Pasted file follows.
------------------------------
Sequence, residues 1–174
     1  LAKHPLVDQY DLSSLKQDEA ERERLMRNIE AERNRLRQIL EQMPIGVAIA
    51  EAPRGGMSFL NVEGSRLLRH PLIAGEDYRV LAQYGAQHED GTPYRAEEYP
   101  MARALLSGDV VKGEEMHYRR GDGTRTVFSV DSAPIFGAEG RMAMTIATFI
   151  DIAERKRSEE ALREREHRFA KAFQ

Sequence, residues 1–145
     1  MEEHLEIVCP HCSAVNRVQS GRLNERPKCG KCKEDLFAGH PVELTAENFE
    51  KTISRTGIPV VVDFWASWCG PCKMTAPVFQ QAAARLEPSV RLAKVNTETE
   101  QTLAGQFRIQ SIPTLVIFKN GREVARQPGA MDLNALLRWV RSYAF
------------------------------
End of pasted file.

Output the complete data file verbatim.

Sequence, residues 1–174
     1  LAKHPLVDQY DLSSLKQDEA ERERLMRNIE AERNRLRQIL EQMPIGVAIA
    51  EAPRGGMSFL NVEGSRLLRH PLIAGEDYRV LAQYGAQHED GTPYRAEEYP
   101  MARALLSGDV VKGEEMHYRR GDGTRTVFSV DSAPIFGAEG RMAMTIATFI
   151  DIAERKRSEE ALREREHRFA KAFQ

Sequence, residues 1–145
     1  MEEHLEIVCP HCSAVNRVQS GRLNERPKCG KCKEDLFAGH PVELTAENFE
    51  KTISRTGIPV VVDFWASWCG PCKMTAPVFQ QAAARLEPSV RLAKVNTETE
   101  QTLAGQFRIQ SIPTLVIFKN GREVARQPGA MDLNALLRWV RSYAF